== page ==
Position of “white box” units among top-selling PC “brands”: 1
Market share range of “white box” PCs: 50-70
Millions of player pianos sold in the US alone by 1930: 2.5
1930 US population in millions: 123.2
Linux training revenue in millions of dollars in 1999: 10.3
Linux training revenue in millions of dollars in 2001: 56
Projected Linux training revenue in millions of dollars in 2004: 285
Size in billions of dollars of the system-level training market by 2004: 2
Low end of projected Linux percentage share of the system-level training market by 2004: 5.8
High end of projected Linux percentage share of the same market: 15.3
Projected compound annual growth rate of Linux support services revenue from 1999-2004: 86.9%
Amazon.com technology expenses in millions of dollars prior to migration to Linux: 71
Amazon.com technology expenses in millions of dollars after migration to Linux: 54
Percentage cut in Amazon technology expenses in migration to Linux: 25
Cost relative to UNIX of 1,000 users tapping into a Linux server: 1/3 to 1/2
Value in millions of dollars to IBM of tools donated to public domain by IBM via the Eclipse.org Project: 40
Number of software tool suppliers working on Eclipse software at the formation of Eclipse.org on November 6, 2001: 150
Number of individual developers involved with Eclipse at the same point: 1,200
Number of hosted projects on SourceForge.net on November 11, 2001: 29,253
Registered users of SourceForge.net at the same time: 290,500
1-3: Jon “maddog” Hall of Linux International
4: US Census Bureau
5-11: International Data Corp. (IDC)
15: Dan Kusnetzky of IDC, in CNET story
In the last few days (as we go to press in mid-December 2001), the cause of free speech, which has been dear to the heart of the Linux community—and without which we might not have either Linux or the Internet—has taken a couple of heavy hits in the courts. The only ray of hope comes from the FTC.
In both court cases the DMCA (Digital Millennium Copyright Act) prevailed. The DMCA, which was signed into law in October 1998, expands the scope of copyright to criminalize circumvention of copyright schemes, among other things.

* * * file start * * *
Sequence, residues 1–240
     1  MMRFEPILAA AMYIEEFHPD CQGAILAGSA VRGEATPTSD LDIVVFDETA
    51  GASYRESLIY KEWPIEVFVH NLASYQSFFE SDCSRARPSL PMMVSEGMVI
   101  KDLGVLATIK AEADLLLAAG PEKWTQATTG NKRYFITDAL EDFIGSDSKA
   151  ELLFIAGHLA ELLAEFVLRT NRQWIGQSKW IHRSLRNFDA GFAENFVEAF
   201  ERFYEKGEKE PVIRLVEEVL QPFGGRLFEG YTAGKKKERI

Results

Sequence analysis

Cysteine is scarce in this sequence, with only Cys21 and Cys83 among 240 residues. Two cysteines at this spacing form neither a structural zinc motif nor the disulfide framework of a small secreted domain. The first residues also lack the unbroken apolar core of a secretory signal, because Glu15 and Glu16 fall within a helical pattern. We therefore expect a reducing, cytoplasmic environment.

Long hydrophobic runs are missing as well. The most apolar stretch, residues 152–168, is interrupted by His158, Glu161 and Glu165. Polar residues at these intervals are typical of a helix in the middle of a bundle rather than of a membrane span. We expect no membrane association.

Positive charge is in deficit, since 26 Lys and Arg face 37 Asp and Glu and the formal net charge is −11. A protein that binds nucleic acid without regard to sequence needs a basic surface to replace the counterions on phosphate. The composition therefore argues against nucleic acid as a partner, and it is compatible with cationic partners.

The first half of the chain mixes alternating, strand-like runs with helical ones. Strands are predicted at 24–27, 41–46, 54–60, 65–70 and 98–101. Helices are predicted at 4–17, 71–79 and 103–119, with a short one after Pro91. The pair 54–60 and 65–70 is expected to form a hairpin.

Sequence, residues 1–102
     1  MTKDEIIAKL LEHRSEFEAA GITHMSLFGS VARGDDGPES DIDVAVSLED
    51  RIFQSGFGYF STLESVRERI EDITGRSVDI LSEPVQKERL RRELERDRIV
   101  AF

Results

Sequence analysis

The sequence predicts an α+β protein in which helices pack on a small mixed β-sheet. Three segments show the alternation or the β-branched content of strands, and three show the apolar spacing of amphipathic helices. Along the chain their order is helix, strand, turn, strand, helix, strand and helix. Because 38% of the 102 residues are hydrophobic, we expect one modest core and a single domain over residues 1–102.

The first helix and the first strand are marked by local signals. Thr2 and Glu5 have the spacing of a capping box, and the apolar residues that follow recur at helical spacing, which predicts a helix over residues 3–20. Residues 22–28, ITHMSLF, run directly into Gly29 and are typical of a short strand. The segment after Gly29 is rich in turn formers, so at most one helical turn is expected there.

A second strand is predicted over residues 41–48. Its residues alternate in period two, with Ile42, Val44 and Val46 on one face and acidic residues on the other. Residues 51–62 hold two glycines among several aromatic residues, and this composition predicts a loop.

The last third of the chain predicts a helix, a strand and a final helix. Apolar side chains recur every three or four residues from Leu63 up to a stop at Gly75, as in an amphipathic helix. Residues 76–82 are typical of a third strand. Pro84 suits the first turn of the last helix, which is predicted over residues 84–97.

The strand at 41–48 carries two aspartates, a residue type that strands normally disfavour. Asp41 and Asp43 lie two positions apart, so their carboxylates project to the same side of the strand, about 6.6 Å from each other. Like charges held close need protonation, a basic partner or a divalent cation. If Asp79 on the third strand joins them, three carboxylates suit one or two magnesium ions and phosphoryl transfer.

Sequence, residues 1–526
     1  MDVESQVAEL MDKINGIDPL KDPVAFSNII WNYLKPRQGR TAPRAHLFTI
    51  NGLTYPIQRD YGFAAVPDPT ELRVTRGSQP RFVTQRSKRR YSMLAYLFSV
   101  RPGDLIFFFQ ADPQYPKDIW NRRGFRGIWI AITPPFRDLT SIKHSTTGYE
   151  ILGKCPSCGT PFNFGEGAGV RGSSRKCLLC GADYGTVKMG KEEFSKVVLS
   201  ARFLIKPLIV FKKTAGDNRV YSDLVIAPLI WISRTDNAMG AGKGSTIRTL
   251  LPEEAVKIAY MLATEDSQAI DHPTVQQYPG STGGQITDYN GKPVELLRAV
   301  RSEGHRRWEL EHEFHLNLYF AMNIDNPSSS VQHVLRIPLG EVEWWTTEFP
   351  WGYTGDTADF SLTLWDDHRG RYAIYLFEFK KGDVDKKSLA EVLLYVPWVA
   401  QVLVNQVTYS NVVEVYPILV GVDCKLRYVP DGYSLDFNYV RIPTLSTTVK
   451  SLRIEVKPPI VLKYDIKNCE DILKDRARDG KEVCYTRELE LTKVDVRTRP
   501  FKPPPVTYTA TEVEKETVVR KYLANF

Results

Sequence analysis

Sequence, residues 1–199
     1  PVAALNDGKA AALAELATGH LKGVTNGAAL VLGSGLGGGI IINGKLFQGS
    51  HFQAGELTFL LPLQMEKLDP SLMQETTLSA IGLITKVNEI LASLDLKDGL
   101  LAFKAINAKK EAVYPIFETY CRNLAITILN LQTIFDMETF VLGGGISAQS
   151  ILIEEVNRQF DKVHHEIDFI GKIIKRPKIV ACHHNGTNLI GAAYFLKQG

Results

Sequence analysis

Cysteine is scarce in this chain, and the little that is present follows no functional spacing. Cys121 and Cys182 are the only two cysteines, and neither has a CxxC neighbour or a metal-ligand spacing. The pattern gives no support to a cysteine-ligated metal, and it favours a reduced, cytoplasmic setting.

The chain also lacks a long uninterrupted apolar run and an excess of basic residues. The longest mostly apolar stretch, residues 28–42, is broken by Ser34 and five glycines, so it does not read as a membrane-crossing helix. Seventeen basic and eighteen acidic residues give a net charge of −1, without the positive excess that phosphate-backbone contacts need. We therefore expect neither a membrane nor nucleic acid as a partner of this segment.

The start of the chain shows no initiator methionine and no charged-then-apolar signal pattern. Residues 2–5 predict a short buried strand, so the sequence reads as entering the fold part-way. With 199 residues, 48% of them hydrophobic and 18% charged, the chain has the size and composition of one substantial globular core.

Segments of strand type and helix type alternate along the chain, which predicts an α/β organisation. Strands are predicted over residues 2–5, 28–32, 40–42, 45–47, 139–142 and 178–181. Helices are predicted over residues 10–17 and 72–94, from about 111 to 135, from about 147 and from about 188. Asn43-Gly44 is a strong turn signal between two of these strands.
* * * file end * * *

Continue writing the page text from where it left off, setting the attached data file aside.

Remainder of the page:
In Felten vs. RIAA, Professor Edward Felten (currently on leave from Stanford) and others sued the Recording Industry Association of America, claiming that the RIAA used threats of lawsuits to prevent him from presenting his work at an academic conference. Felten had planned to show how he and his researchers had disabled digital watermarks but backed down after a threatening letter from an RIAA lawyer. RIAA officials later said they had not intended to sue. The case was dismissed by US District Court Judge Garrett E. Brown, who found that Felten had no legal complaint.
Context: Dmitry Sklyarov, a Russian academic was imprisoned and is still awaiting trial for DMCA violations he allegedly committed when he gave a presentation at a conference where he detailed weaknesses in Adobe's eBook technology software. At the behest of Adobe, Sklyarov was arrested in his hotel in Las Vegas on July 16, 2001 while preparing to return to Russia. He spent three weeks in jail and still awaits trial, even though Adobe has withdrawn its support for the case.
In a statement, Cary Sherman, senior executive vice president with the RIAA, said:
We are happy that the court recognized what we have been saying all along: there is no dispute here. As we have said time and again, Professor Felten is free to publish his findings.
In a press release following the dismissal, Electronic Frontier Foundation (EFF) Legal Director Cindy Cohn said:
Since the government and industry cannot agree on what the DMCA means, it is not surprising that scientists and researchers are confused and decide not to publish research for fear of prosecution under the DMCA....Regardless of specific government or industry threats in the past, scientists should not have to experience the ongoing chilling effects of this vague digital copyright law.
It is also significant that the DMCA, in the words of Eric S. Raymond of the Open Source Initiative, serves to “protect the cartelization” of playback devices. Jon Johansen and MoRE (Masters of Reverse Engineering) in Norway developed DeCSS basically so DVDs could be played back on Linux devices—something the movie studios and their partners in the consumer electronics business hadn't bothered to deliver.
On one positive note, the US Federal Trade Commission announced hearings on “Competition and Intellectual Property Law and Policy in the Knowledge-Based Economy”, starting in January 2002 (when this issue of Linux Journal should be hitting the streets). You can learn more about it and submit written comments by following directions from the Federal Register at this URL: www.ftc.gov/os/2001/11/ciphearingsfrn.htm.